Intuitively, we know that first impressions count. But not only do they count, they are very difficult to change.
The work of Nobel Laureate Daniel Kahneman demonstrates some startling biases that we humans exhibit.
One, that he calls Confirmation Bias, describes a tendency towards confirmatory evidence. Once we form an impression of someone / something (psychologists call them schemas) we will favour evidence that confirms our “theory” and disregard contradictory evidence. It has been shown that disconfirming evidence can in fact strengthen a pre-existing belief.
For further reading try Thinking…Fast and Slow by Daniel Kahneman or for an intersting and extreme example click here
Watch your biases and don’t forget to work hard to make your first impressions count.
I’ve been thinking a little about hard work.
We all work hard right? The usual definition of long hours usually comes to mind. Fine…but you can’t build a competitive advantage by putting in more time. Anyone can decide to work longer hours and do it – low barriers to entry – no particular skill required (other than say, maintaining effectiveness as hours on the job build).
So how can you work harder in unusual ways to get a true advantage which is hard to copy?
Try working difficult.
It’s a subtle but important variation on working hard. Working difficult goes to the heart of what it means to create value. You choose to do the work that others avoid, you choose to do the work that requires thinking but you do not choose the path of least resistance.
I recently attended a function at my son’s school. The Head of Junior primary presented for an hour to a group of about 150 parents about curriculum and child developmental milestones. Pretty dry stuff – but she transformed it into a totally captivating presentation by telling stories throughout…sad, funny & endearing, all the stories were about kids and their experiences…each one a metaphorical “every-child”.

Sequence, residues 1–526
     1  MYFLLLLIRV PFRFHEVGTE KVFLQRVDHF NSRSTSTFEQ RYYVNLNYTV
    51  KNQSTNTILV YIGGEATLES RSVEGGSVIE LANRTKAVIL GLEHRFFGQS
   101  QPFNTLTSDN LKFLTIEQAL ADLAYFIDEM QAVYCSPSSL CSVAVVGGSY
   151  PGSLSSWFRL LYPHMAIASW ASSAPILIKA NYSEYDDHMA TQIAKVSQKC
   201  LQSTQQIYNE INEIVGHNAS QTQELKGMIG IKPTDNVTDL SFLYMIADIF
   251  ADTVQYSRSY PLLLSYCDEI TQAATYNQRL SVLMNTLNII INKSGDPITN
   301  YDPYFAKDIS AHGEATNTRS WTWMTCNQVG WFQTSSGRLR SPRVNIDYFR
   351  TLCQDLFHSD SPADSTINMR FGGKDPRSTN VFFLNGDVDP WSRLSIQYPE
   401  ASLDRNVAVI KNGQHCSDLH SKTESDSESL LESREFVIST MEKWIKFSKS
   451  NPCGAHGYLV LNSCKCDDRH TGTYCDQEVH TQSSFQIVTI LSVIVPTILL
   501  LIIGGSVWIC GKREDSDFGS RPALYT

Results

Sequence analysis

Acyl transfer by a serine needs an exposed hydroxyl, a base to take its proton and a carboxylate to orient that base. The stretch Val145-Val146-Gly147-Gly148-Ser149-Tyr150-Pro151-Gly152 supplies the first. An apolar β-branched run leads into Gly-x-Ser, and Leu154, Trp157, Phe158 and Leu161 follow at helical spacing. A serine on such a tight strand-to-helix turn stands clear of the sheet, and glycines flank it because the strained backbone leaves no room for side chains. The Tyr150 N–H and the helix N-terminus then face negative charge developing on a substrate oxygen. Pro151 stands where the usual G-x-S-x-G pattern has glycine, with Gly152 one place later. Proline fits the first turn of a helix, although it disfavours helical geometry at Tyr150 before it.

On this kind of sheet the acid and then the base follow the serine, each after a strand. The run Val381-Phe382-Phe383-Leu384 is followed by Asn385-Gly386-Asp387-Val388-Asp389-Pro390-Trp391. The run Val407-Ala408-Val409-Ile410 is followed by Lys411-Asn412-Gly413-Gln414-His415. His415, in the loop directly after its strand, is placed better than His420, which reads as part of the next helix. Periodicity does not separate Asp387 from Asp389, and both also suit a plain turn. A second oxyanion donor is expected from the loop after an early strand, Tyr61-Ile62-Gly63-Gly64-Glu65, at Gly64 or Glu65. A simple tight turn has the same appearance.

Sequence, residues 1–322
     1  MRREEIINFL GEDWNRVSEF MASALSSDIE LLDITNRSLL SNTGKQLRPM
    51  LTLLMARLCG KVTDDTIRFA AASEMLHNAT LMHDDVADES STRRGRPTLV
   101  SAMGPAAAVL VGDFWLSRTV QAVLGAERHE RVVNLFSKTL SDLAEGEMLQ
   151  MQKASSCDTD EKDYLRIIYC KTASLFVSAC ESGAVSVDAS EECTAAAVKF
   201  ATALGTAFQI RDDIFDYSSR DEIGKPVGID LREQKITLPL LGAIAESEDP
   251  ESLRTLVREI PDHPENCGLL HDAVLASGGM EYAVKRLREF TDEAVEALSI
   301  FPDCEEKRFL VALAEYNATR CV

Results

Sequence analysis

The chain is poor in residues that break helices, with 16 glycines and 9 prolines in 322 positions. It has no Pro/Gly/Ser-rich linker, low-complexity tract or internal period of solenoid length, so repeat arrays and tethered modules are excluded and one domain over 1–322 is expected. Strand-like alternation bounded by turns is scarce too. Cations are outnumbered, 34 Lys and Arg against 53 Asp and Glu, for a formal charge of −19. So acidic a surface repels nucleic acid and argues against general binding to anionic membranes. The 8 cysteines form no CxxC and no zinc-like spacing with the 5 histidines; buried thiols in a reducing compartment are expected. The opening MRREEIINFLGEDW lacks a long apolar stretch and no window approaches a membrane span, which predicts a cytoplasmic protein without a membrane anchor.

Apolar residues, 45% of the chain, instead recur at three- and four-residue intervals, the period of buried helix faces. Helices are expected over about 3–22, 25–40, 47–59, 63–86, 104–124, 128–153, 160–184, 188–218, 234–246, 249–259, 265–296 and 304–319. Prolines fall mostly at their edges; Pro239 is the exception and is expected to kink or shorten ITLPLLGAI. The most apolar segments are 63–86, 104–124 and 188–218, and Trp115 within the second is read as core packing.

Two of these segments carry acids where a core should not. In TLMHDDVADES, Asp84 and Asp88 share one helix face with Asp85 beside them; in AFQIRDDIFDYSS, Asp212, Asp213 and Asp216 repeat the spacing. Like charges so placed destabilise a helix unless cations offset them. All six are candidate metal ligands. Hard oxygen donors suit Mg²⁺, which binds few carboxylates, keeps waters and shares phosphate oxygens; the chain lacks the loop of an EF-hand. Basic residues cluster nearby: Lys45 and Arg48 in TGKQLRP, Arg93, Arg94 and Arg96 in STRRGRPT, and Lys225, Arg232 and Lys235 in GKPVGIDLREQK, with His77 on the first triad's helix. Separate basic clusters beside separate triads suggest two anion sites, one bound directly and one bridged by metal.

Got me thinking about the power of stories in the business environment and how a ppt pres can be changed by introducing a concept and then sharing a story about its practical application. Around the same time a colleague coincidentally sent me this link…
Opinion is often derided (”well that’s just your opinion”) as inferior to fact.
I happen to value opinions a great deal. Next time someone asks you for a fact or some data, think about how you can provide them with value by offering your opinion. This might require some thinking and a little extra time but I guarantee that you’ll enrich yourself, learn more and win points with the recipient.
I have a broken leg is a fact…my opinion is that having a broken leg has made me more sanguine and tolerant and has enabled me to see life through a different lens.
Give and ask for opinions. See what you get back – you might be delighted (that’s just my opinion)